The Halo of Overalls

Regular readers know that I've started taking to wearing overalls. Last week at the Pepperdine lectures my friend Mark Love was kidding me about not bringing my overalls to Malibu.

Let me tell you, they were in my hand. But my suitcase was too full. And I figured that the vision of me walking around in overalls on the Pepperdine campus might have pushed people a bit too far. I'm already working the long hair and tattoo. If I added wearing overalls I'm 100% confident the campus police would have picked me up. For no crime other than looking extraordinarily bizarre.

But now that I'm back home I was in overalls all day today. Good to be back in my ugly town. I fit right in here.

Why am I wearing overalls? What's the allure?

Here's what I think is going on.

As regular readers know I'm a bit of a Civil Rights movement freak. Along with David and Jennifer Dillman I've taken ACU students on a Freedom Ride through the south. I'm met Freedom Riders James Zwerg and Bernard Lafayette. Lafayette was also a leader of the Nashville sit-in movement and a founding member of SNCC. I've sang freedom songs with Hollis Watkins (video proof here), leader of Freedom Summer in Mississippi. I've walked the Edmund Pettis Bridge in Selma and sat at the dining room table of Martin Luther King, Jr..

I'm a bit of a nut when it comes to this stuff. The Civil Rights activists are heroes of mine. I go to them and the history of the movement over and over again for inspiration.

And when you look at pictures of the Civil Rights activists from the '50s and '60s guess what they are wearing, particularly the activists who walked the dusty roads of Mississippi during Freedom Summer?

You guessed it.


I think Jana is convinced that I'm wearing overalls because I want to look like a Civil Rights worker from the 1960s. I disagree, of course, because that would be ridiculous. But then again...I am a bit ridiculous.

(Last week in a store I came across one of those plaques that have an inspirational saying on them for your home of office. I usually don't like the sayings, but this one caught my attention:
Imperfection is beauty,
madness is genius.
and it's better to be absolutely ridiculous
than absolutely boring.
That's me. Absolutely ridiculous. But never boring.

BTW, I believe that quote is from Marilyn Monroe. And I think it's sort of awesome (and ridiculous) that I just quoted her as a fount of wisdom. It's a strange world.)

But getting back to Jana, there is a bit of truth in what she thinks. I've so immersed myself in the '50s and '60s, often idealistically, I've internalized the aesthetic from this era. I love it. The fashion. The furniture. The decor. Jana can tell you, if I walk into a retro 1950s diner I'll just about have a heart attack.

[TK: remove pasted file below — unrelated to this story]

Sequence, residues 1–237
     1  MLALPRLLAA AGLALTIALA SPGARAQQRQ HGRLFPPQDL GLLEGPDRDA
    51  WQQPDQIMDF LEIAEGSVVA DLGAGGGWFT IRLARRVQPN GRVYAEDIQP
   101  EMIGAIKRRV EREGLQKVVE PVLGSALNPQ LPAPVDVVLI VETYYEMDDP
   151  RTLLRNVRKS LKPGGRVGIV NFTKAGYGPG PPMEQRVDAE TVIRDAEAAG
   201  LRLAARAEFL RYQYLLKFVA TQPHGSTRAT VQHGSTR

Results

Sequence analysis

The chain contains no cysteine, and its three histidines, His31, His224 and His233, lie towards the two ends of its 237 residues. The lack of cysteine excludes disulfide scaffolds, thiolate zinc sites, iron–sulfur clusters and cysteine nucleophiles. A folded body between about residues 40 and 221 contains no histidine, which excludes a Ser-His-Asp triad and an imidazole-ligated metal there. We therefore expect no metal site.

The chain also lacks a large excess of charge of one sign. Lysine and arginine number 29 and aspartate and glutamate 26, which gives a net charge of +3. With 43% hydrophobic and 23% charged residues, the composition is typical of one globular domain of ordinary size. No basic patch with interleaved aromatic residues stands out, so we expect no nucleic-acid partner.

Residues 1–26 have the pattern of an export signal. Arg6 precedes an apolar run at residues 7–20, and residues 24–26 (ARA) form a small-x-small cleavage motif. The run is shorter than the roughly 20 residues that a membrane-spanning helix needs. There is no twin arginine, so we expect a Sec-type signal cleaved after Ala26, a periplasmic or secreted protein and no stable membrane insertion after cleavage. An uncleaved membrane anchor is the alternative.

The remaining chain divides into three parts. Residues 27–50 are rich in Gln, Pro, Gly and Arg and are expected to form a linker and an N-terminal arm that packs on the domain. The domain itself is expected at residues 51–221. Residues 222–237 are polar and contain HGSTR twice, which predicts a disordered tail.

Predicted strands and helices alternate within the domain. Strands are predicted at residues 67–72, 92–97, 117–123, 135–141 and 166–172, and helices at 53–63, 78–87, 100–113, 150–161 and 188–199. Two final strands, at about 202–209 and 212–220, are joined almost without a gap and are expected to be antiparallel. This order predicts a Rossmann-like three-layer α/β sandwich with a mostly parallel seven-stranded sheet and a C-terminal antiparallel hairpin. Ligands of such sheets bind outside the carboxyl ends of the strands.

Why were those Freedom Summer kids wearing overalls? Some were just rural kids from the Deep South. But many of the city kids took to wearing overalls because as they walked from shack to shack during those hot and dangerous Mississippi days they found that if they were wearing overalls the rural folk were more welcoming, more at ease. And so many of the workers began wearing overalls to help with their voter registration efforts.

There is little doubt that all those photos of my heroes wearing overalls has affected me. Those overalls have an aura about them, a halo of heroism. Those Civil Rights workers have made me come to believe, I think unconsciously, that overalls are just really, really cool.

And so I wear them. Even if that makes me look a bit ridiculous.

Preach it, Marilyn Monroe, preach it.

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5 thoughts on “The Halo of Overalls”

  1. It's only a slight exaggeration to say that between the time I was born (1965) until my Watonga, OK farmer grandfather died (1978), I never saw him wearing anything BUT Big Smith overalls.

  2. I wear my overalls often for practicality purposes. Mowing grass and working in the garden are some of my favorite things to do. It gives me time to think. So, I bought a pair of overalls to work in. I'm glad to know that when I don my overalls and big black rubber boots, I may be one of the "cool kids" now.

  3. There is liberation when you finally understand both the absurdity and divinity of life. If you feel comfortably ridiculous, then you understand the absurdity. When you put on your overalls, the quintessential garment that says, "I will work this Earth to live" you embrace the divinity.

  4. Richard, I'm sixty three years old and I remember my childhood in the fifties and sixties very well. My mother made sure we had good clothes for school, but when we got home those good clothes had to come off. That's when I put my overalls on. I was one of those kids, when the weather was nice, that ran around with no shirt or shoes, just my overalls. I preferred them over shorts, they protected my legs when running through the woods; my feet were as tough as leather. I remember my mother buying those iron on jean patches. Whenever I wore a hole in the knee or the seat of those overalls, she would slap on one of those patches. The ones on the seat would start to hang after a while, and the knees would get a little stiff, but they made those overalls last. No concern about a fashion statement there.

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